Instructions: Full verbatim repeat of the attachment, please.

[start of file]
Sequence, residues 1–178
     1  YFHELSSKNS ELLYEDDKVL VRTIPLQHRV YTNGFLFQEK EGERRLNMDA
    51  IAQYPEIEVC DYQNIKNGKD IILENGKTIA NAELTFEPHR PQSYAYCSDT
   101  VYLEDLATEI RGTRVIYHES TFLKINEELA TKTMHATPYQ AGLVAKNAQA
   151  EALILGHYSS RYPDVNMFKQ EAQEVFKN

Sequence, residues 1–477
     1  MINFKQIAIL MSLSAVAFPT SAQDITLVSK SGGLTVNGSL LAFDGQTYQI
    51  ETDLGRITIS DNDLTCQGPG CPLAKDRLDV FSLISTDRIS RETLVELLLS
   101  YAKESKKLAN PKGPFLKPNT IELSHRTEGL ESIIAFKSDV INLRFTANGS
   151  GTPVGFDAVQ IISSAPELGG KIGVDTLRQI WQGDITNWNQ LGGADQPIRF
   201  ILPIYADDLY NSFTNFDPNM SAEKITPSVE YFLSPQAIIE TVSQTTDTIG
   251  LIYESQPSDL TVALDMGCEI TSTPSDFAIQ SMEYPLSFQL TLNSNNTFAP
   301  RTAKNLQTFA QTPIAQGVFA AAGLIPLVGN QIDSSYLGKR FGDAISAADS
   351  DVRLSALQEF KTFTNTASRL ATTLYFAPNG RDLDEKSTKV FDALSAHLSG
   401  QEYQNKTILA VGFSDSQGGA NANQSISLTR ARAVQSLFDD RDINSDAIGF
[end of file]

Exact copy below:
Sequence, residues 1–178
     1  YFHELSSKNS ELLYEDDKVL VRTIPLQHRV YTNGFLFQEK EGERRLNMDA
    51  IAQYPEIEVC DYQNIKNGKD IILENGKTIA NAELTFEPHR PQSYAYCSDT
   101  VYLEDLATEI RGTRVIYHES TFLKINEELA TKTMHATPYQ AGLVAKNAQA
   151  EALILGHYSS RYPDVNMFKQ EAQEVFKN

Sequence, residues 1–477
     1  MINFKQIAIL MSLSAVAFPT SAQDITLVSK SGGLTVNGSL LAFDGQTYQI
    51  ETDLGRITIS DNDLTCQGPG CPLAKDRLDV FSLISTDRIS RETLVELLLS
   101  YAKESKKLAN PKGPFLKPNT IELSHRTEGL ESIIAFKSDV INLRFTANGS
   151  GTPVGFDAVQ IISSAPELGG KIGVDTLRQI WQGDITNWNQ LGGADQPIRF
   201  ILPIYADDLY NSFTNFDPNM SAEKITPSVE YFLSPQAIIE TVSQTTDTIG
   251  LIYESQPSDL TVALDMGCEI TSTPSDFAIQ SMEYPLSFQL TLNSNNTFAP
   301  RTAKNLQTFA QTPIAQGVFA AAGLIPLVGN QIDSSYLGKR FGDAISAADS
   351  DVRLSALQEF KTFTNTASRL ATTLYFAPNG RDLDEKSTKV FDALSAHLSG
   401  QEYQNKTILA VGFSDSQGGA NANQSISLTR ARAVQSLFDD RDINSDAIGF